Please be more subtle. Paul was of the circumcision group but was not a legalist (Paul kept the Law). The difference between Paul and the legalist is that Paul kept the Law out of love while the legalist kept the Law in order to be saved.

    Then you said, “The other faction in the church were grace oriented. They believed that in Christ we are free from legalism.”

    Again, please be more subtle. The other faction believed that we are free from legalism but not from the Law. We must keep the Law.

    I hope I am being clear. Many times you’ve said that we are free from the Law. This is not true. We are free from LEGALISTIC observance of the Law but not from the Law itself.

    Thus we are NOT FREE to eat food sacrificed to idols, commit adultery, steal, lie, murder, etc.

  6. Troy S.


    Thank you! That does indeed help. Perhaps it was too easy for me to not consider the fact that stumbling blocks can cause UNbelievers to stumble as well as believers. People can stumble even before they come to Christ. Thank you also for the verses you isolated.

    I asked because in the three-chapter context, yes, he is talking about stumbling blocks for the most part with other younger believers, but in the immediate context he seems to be, as you pointed out, talking about evangelism. Thank you for the perspective and insight :)

  7. Troy S.


    Thank you for your input, however perhaps I could have worded my question better :) …

    In your last three articles you have discussed how this passage in I Corinthians 9 refers to ministry/discipleship to other BELIEVERS, how to not make them stumble in abusing your freedom in Christ. You connected this with us abusing such freedom in Muslim lands that can lead new Muslim converts to stumble by seeing using our freedom in irresponsible ways, all conclusions I agree with.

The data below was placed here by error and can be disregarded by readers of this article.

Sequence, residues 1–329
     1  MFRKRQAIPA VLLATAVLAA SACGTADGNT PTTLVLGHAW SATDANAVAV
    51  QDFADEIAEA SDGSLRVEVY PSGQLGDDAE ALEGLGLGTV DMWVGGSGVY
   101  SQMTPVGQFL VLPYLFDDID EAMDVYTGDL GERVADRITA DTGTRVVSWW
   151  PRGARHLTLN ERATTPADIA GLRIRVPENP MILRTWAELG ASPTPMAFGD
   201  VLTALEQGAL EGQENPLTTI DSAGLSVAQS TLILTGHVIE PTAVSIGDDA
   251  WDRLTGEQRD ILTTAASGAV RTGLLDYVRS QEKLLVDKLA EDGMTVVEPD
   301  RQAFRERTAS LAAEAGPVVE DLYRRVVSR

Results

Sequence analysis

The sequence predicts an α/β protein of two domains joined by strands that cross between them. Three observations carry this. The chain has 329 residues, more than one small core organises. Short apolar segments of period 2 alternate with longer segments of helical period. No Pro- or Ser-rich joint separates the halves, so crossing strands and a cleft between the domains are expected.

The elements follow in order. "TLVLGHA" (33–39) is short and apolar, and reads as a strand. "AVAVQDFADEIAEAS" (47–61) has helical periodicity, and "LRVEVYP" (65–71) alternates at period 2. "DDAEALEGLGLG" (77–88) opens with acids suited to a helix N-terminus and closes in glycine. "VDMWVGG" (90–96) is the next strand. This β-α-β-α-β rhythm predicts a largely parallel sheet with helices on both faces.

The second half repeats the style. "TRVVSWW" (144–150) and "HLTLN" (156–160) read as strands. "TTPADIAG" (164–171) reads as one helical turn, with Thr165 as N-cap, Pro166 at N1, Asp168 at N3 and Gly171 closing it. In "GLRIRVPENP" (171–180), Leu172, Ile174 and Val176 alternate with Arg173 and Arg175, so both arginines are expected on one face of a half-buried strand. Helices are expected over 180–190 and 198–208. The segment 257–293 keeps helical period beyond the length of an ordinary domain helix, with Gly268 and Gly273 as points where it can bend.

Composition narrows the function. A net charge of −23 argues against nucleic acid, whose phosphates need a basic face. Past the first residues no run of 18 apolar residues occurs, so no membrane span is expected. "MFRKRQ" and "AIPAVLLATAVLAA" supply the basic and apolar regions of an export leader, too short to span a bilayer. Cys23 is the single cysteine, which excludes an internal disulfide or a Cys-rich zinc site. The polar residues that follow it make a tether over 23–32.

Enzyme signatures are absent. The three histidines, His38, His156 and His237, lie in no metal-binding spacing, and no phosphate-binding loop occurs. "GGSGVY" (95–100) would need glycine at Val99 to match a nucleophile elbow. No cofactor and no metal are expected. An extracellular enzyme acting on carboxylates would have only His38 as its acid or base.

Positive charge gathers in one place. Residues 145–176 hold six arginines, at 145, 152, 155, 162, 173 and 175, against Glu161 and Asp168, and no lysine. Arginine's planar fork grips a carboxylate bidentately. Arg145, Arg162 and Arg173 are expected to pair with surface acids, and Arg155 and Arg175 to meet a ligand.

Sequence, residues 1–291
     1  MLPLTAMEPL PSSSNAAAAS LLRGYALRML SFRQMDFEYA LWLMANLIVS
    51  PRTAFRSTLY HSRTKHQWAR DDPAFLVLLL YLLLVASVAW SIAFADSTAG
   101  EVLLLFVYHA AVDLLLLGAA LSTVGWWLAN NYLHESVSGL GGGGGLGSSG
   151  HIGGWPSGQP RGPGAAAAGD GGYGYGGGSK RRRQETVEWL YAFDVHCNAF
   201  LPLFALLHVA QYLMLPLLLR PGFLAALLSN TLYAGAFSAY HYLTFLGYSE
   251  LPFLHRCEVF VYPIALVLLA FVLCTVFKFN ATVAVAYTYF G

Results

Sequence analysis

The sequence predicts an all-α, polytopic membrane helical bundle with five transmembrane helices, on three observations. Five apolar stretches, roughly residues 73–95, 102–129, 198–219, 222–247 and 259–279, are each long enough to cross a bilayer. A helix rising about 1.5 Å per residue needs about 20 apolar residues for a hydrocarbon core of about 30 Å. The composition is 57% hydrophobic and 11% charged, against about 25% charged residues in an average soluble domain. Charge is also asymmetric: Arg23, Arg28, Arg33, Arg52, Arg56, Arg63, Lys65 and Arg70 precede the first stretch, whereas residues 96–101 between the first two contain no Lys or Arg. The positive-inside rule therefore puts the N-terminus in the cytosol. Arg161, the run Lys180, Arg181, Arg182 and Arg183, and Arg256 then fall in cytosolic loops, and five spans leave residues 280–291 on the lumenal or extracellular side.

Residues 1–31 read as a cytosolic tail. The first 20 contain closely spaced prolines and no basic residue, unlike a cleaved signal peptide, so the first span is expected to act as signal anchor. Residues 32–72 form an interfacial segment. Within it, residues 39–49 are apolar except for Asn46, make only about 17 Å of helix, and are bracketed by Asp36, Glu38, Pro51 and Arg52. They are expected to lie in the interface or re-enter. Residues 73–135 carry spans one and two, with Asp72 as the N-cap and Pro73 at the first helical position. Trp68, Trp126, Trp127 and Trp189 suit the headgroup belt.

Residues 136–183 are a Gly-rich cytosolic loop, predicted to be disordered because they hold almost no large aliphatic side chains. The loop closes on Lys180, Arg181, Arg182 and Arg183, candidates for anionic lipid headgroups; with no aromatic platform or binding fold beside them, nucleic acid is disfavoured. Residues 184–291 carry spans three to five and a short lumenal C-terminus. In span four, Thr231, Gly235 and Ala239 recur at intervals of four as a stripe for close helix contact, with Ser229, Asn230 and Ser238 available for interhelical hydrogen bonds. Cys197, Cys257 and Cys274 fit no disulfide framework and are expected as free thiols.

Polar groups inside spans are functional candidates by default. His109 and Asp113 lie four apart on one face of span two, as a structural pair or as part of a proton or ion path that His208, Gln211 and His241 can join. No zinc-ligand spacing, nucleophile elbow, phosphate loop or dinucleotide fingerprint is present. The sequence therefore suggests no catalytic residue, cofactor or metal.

However, my question is, if this passage (according to your analysis, unless I have missed/misinterpreted something) refers to ministry to fellow, “weaker” believers, then why does Paul say in your selected passage that he does all this to “SAVE some”? Why does he say he “becomes like a Jew” that he might “WIN Jews”? If these people are already “saved” and “won” over to Christ, why does he here express his desire to “save” them?

    Hope that makes sense. Thank you again :)

  8. Pierre Houssney

    Hi Troy,

    I’ll give a try at your question:

    “If this passage refers only to ministry to people who are ALREADY saved, why is he trying to “save” some? How do you “win” people who are already “won” over?”

    I see this passage as being about both the saved and the not-yet-saved. Yes, chapter 8 (the meat part) is an example of someone who is a young believer, with a “weak” conscience. But, this example can also shed light on how to relate with not-yet-believers too, because we can learn that we shouldn’t give them the impression that we are participating in idol worship.
    In chapter 9 Paul moves on from that illustration to others that contribute to his main point, including one about his rights as an apostle, and by verse 19 (the passage you refer to) he is talking about preaching the gospel, although again, his point can be useful for both evangelism and discipleship.